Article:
Whole Foods Market: Grocery Store
Whole Foods – where do we even begin? In our ongoing review of regional and national grocery stores, Whole Foods is an obvious choice to review, and there is a lot to say about this juggernaut of healthy and gourmet groceries.
First, an anecdote. We went into a new Whole Foods in our area last week, and nearly keeled over from the sensory overload. There was a trattoria bar, with wine and hot foods to eat. There was a separate classroom for cooking classes and seminars on holistic health. There was a nut bar – fresh-ground peanut butter! There were all the usual bulk foods, loose local eggs for the picking, an olive bar, and what seemed like miles of undulating displays of fish, meats, and poultry.
We picked up our usual things and left, slightly dazed. This is the classic Whole Foods experience, and there are some things we like about it, and some things we don’t…
First, the likes.
• Whole Foods has made the health food store sexy. It’s taken that little crunchy granola shop and made into THE one-stop store for yuppies, hippies, and urbanites alike. This can only be a good thing, even though we love our early experiences with local co-ops and health food stores and will still patronize those instead if we can. At least we know there IS a place we can go for bulk whole grains, hormone-free meat, and organic produce.
• We like the vast selection at Whole Foods and their emphasis on Fair Trade and organic goods.
• We also like their hiring practices. We have many friends who made it through their early 20s working at Whole Foods on a good salary, with great working conditions and health benefits.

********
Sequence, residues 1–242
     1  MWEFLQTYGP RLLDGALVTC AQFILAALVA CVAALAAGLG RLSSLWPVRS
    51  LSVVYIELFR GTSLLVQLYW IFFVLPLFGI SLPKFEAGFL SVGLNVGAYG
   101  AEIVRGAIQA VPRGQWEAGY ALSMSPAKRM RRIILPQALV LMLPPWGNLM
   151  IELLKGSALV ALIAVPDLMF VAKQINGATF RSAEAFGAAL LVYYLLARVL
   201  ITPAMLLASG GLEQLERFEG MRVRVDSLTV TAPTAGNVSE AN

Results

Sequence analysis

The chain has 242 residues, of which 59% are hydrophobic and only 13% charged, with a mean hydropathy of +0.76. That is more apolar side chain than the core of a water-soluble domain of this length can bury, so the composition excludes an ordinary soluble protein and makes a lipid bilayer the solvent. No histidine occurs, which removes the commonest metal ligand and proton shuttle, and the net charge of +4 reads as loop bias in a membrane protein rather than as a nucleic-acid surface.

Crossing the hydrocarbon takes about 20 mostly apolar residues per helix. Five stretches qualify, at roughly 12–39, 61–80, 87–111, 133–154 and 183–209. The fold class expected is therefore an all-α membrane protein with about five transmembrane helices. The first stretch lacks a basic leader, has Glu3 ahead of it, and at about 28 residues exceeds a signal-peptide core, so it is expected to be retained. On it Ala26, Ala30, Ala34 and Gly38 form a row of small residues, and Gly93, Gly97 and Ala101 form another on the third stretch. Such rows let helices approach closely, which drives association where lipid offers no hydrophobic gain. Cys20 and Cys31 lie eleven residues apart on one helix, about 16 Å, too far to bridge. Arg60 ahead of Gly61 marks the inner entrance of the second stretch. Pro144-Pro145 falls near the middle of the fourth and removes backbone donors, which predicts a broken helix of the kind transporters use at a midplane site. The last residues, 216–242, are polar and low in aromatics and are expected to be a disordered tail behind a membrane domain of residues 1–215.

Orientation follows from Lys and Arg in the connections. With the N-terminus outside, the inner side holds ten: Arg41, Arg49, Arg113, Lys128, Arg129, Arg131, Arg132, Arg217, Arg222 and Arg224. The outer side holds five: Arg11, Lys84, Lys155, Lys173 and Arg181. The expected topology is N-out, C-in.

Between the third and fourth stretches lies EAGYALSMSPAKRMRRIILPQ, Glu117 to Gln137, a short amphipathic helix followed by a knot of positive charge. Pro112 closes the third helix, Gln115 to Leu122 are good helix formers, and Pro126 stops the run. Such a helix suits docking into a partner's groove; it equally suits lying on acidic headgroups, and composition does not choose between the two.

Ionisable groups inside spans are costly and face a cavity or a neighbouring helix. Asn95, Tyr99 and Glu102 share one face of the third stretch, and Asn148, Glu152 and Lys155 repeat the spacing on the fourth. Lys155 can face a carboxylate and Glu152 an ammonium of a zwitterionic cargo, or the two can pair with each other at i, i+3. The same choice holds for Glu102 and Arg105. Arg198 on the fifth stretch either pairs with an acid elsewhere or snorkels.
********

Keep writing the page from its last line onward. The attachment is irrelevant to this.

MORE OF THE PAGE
• We also like their 365 brand for good values in many basic organic and recycled goods.
Now, the dislikes.
• This is simply a personal preference, but sometimes the “Disneyland” effect of Whole Foods overwhelms us – too many choices! Too much shininess!
• Our main beef with Whole Foods is its lack of emphasis on local and seasonal produce. When we walk into our Whole Foods and see all this produce from California, honestly it’s hard to feel great about buying organic. If we are in New York or Ohio we want to see what’s actually in season. Whole Foods has a tremendous opportunity to educate people about eating the great and delicious foods that grow near to them, and while this will probably never happen, how great would it be to never see a strawberry in a Northern Whole Foods in February again?
Notice that we don’t mention price at all. Their prices are high, yes, but we also believe that organic and well-raised meats and fish should command higher prices.
Here’s some of our other coverage of Whole Foods:
Now your turn! What is the Whole Foods like in your area? What do you think of Whole Foods, and what do you shop there for? Do you buy your whole shopping list there, or just a few items?